Wednesday, May 23, 1979 | 6 a.m.
FBI affidavits released Tuesday by U.S. District Court Judge Harry Claiborne alleged proof of hidden ownership, fraud in the sale of securities, racketeering, distribution of funds gained by illegal activity and conspiracy on the part of Tropicana Hotel and Casino showroom producer Joseph Agosto and top figures in Kansas City organized crime.
The more than 300 pages comprising two affidavits by FBI Special Agent Thomas R. Parker in Las Vegas supported five search warrants executed on Agosto's home and office last Feb. 15 seeking evidence of hidden ownership in the Strip resort.
The affidavits linked Agosto to Kansas City mob figures and claimed to prove that Agosto is in "day-to-day management of the Tropicana Hotel and Casino, even though he publicly denies same."
Parker wrote in the affidavits that wiretap surveillance and physical evidence indicate Agosto is involved in negotiations to acquire control of the Argent Corp. for a Kansas City organized crime family.
The affidavits also claimed to prove that Agosto and Deil Gustafson, who owns Consolidated Financial Corp., which in turn owns Tropicana Holding Co., have "devised and implemented a scheme to artificially and illegally inflate the market price of publicly-traded stock of the Eldorado International Inc. at a time when that corporation and the Tropicana were in the process of merging.
A significant portion of the management of the Tropicana was done by Agosto from his home at 4550 S. Pecos Road, the affidavits said. Wire taps on Agosto's home telephone provided some of the evidence presented in the affidavits, the documents explained.
Among those named in the affidavits as individuals whose activities were monitored by wiretaps were Nick Civella, identified as the number one man in the Kansas City mob; Carl DeLune, pegged as second in command of Kansas City organized crime; Carl Civella, brother of Nick and a ranking crime figure in Kansas City; Frank Rosenthal, former entertainment director of Argent's Stardust Hotel; Ed and Fred Doumani, who are in the midst of negotiating a lease with option to buy of Argent's Las Vegas properties, the Stardust and Fremont hotel-casinos; Mitzi Briggs, major stockholder in the Tropicana Holding Co.; Gustafson, a Minneapolis banker and businessman; and several Tropicana employees.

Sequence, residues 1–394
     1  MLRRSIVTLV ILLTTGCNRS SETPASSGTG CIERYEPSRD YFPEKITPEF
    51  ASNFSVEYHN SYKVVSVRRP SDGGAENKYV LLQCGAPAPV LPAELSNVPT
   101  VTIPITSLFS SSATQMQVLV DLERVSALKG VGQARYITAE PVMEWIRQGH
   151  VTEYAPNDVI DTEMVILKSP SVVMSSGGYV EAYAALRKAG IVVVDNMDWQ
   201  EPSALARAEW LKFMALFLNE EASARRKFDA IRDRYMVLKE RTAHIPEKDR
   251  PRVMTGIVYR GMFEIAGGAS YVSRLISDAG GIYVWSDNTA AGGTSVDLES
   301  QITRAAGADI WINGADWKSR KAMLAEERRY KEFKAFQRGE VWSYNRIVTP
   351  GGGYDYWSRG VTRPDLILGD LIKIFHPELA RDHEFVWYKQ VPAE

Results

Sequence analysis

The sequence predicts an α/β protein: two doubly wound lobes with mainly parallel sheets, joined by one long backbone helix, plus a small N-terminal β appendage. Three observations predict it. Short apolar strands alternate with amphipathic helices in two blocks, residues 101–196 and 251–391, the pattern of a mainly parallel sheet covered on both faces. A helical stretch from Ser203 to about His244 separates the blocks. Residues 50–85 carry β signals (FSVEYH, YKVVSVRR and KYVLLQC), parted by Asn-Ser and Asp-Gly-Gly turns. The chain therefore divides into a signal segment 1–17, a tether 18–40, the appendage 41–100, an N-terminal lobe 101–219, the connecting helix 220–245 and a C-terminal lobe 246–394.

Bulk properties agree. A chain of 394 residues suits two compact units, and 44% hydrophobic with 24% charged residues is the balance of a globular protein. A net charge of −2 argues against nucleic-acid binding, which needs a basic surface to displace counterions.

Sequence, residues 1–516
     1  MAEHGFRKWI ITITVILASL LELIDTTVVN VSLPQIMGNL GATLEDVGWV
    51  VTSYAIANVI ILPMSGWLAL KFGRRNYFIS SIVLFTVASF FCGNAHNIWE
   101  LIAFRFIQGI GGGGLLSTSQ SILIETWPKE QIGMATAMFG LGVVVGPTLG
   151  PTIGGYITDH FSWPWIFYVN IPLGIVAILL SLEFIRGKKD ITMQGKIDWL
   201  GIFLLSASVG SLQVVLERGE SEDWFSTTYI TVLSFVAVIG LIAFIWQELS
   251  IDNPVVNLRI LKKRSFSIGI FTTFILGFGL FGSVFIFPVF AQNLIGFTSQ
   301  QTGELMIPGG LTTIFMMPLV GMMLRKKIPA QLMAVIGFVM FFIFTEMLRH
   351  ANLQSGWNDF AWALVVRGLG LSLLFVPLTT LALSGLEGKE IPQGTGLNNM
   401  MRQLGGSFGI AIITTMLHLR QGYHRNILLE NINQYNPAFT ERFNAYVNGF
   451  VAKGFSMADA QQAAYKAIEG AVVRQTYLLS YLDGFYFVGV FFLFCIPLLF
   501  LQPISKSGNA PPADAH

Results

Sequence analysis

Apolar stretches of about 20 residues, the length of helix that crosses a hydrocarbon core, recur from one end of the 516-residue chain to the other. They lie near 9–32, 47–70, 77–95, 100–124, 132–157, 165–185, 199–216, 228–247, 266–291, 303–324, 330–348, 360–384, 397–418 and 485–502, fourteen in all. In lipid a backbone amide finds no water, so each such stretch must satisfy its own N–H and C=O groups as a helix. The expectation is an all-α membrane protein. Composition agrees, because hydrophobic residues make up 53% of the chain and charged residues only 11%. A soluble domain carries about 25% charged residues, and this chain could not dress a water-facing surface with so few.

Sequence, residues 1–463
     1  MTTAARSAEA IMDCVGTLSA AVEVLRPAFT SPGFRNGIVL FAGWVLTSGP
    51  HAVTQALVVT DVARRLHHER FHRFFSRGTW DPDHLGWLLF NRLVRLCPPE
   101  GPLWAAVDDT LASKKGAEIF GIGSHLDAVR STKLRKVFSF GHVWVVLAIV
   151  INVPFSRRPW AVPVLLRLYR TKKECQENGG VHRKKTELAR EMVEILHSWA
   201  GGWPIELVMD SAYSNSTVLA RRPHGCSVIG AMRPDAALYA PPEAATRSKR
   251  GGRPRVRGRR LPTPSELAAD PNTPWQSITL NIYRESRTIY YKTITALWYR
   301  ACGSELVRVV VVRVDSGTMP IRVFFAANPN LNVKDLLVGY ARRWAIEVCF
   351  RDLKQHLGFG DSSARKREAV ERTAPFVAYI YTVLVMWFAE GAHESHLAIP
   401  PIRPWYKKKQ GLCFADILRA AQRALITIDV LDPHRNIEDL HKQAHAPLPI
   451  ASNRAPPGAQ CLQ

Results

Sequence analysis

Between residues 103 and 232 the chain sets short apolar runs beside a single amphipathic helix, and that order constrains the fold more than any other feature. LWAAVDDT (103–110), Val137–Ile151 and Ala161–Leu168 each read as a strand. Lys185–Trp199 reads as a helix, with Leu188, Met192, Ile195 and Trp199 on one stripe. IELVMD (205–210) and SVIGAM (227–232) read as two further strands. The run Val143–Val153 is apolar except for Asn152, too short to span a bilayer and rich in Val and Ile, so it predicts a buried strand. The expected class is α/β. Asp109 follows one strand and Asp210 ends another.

Kansas City organized crime bosses were also named in the affidavits used to support search warrants executed in Kansas City at the same time as the Las Vegas raid.
Claiborne had sealed the affidavits after the raid by more than a dozen FBI and state gaming agents, but ordered the documents unsealed Monday on a motion by Joseph V. Agosto Production and Leasing Inc.
No sooner had the judge ordered the affidavits opened than Geoffrey Anderson of the Justice Department's Organized Crime Strike Force filed a motion asking the unsealing order to be stayed, citing jeopardy to the continuing investigation if the documents were open.
Claiborne denied the motion early Tuesday morning while the affidavits were being copied, then ordered a 24-hour stay, giving the strike force attorneys until noon Wednesday to appeal the matter to the 9th Circuit Court of Appeals at San Francisco, Calif. before opening the affidavits.
Several reporters, however, already had the affidavits in their possession, and at least one defense attorney had obtained a copy.
The reporters were allowed to continue reading the documents, but the judge ordered they be returned and not further distributed.
Parker said the Las Vegas strike force office would send an attorney to San Francisco Tuesday night to appeal the matter to the 9th Circuit Court of Appeals Wednesday morning, within Claiborne's 24-hours stay.
Agosto was unavailable for comment Tuesday afternoon.